Hello all, welcome back to another long term update for the Australian Alps. Very good start to the season with the big dump a week ago, and hopefully more of the white stuff on the forecast… This will include an analysis of the models and drivers that matter to the Australian Alps. Let’s jump into it.
GFS shows a coldfront coming through primarily Victoria over the 7th bringing moderate-heavy snowfall, with a second part the next day with more snowfall. EPS Control shows a warm trough on the 6th moving south down to the Alps, bringing rain, before turning to snowfall to 1000-1400m later on the 7th and 8th.
EC Monthly shows some light snowfall on the 15th, in front of a massive coldfront that hits in the morning of the 16th, bringing heavy snowfall to all of the Australian Alps. It continues with heavy snowfall on the 17th, before winding down a little on the 18th, as the cold pool moves north as a cutoff. CFS also shows a big low hitting a day earlier on the 15th, with moderate-heavy snowfall, particularly in Victoria, until the 18th.
EC Monthly shows a coldfront slip in from the south bringing moderate-heavy snowfall late on the 18th, continuing through to the 19th, and winding up that night. CFS shows a coldfront approaching the Aussie Alps on the 19th, with moderate-heavy snowfall developing. This continues until the 22nd.
EC Monthly shows light snowfall occur on the 22nd and 23rd morning, mainly in the Victorian Alps. CFS shows the last system leaving, and another low late on the 22nd, bringing moderate-heavy snowfall to the Australian Alps, that continues to dump snow until the 25th.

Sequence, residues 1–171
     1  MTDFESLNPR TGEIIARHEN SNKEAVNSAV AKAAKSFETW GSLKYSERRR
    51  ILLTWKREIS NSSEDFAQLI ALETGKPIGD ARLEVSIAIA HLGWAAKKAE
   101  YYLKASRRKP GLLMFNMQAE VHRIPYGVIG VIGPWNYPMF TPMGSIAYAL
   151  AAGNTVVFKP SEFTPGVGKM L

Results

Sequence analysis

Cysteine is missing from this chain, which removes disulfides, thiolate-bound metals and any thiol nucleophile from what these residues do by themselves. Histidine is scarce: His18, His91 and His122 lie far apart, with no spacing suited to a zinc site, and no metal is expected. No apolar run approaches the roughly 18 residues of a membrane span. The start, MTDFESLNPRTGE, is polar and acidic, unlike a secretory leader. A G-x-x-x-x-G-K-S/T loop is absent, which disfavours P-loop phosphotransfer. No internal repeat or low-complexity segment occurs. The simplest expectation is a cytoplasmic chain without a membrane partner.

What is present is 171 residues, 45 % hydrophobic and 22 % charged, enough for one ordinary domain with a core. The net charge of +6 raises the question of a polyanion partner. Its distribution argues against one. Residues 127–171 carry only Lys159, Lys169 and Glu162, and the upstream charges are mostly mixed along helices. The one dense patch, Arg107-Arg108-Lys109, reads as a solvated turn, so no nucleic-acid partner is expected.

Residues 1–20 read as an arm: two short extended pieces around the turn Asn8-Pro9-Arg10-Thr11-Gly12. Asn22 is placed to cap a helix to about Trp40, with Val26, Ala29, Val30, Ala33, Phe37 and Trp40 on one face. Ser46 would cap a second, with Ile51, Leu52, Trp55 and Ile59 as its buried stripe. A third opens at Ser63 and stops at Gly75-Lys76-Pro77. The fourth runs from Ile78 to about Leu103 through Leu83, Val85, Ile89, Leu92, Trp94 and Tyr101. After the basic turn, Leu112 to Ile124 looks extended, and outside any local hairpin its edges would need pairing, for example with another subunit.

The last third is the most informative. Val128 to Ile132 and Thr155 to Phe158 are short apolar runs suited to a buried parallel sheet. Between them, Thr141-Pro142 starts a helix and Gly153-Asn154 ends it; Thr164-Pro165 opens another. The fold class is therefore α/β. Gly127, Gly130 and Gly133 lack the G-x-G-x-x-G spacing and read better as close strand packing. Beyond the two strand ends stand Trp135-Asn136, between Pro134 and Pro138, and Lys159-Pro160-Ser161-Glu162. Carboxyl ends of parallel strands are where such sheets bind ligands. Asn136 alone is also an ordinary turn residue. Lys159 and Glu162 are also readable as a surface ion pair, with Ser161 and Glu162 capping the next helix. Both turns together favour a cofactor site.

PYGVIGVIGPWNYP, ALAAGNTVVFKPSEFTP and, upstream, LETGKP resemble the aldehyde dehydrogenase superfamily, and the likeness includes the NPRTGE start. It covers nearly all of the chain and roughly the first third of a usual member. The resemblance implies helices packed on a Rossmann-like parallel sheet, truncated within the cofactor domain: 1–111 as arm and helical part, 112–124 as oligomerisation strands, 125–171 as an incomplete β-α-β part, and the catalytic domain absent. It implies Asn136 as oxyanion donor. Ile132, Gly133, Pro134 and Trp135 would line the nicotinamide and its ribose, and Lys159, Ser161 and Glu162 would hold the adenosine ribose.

The MJO is forecast to move from Phase 8/1 to the circle of weakness in the short term. During mid-July(maybe a little earlier)and possibly beyond, the MJO is forecast to be present in our region, increasing chances for snowfall, but only a little bit, as it is forecast to be still fairly weak. POAMA is similar, but a little more weaker.
The AAM is forecast to move into the negative phase, which correlates with more snowfall, on Bias-Corrected GFS into Early July. CFS on the other hand, shows the AAM to head into the less snowy positive phase in Early July and throughout the rest of that month.
The Stratospheric Polar Vortex remains strong in the forecast, but it moves slightly towards Australia, which could help bring more cold to the Australian Alps. The SAM is forecast to stay negative by GEFS into July, which increases the snowfall chance, POAMA shows a more neutral 3 week outlook.
In summary, the models all look very good, and the drivers don’t look too bad either, both early and later into July, as we head further into the season.
Disclaimer: There is low skill asssociated with using long range model forecasts to find snow systems. All systems you see here will change, as the date gets closer and may not eventuate all together. I don’t give much accuracy to these forecasts, but you can give these a bit of your time and your dreams might come true 😉 I find the chase of these long range snow systems awesome, so come and join me! The climate driver forecasts tend to have a bit more skill than the precipitation and temperature forecasts, but certainly don’t put all your money on them. However, climate drivers are an awesome tool to explain the weather around us.
Thanks so much for reading this blog update into the Australian long range snowfall forecast, please follow me on Twitter @longrangesnow and join my email list on the top bar of this blog. See you on the slopes!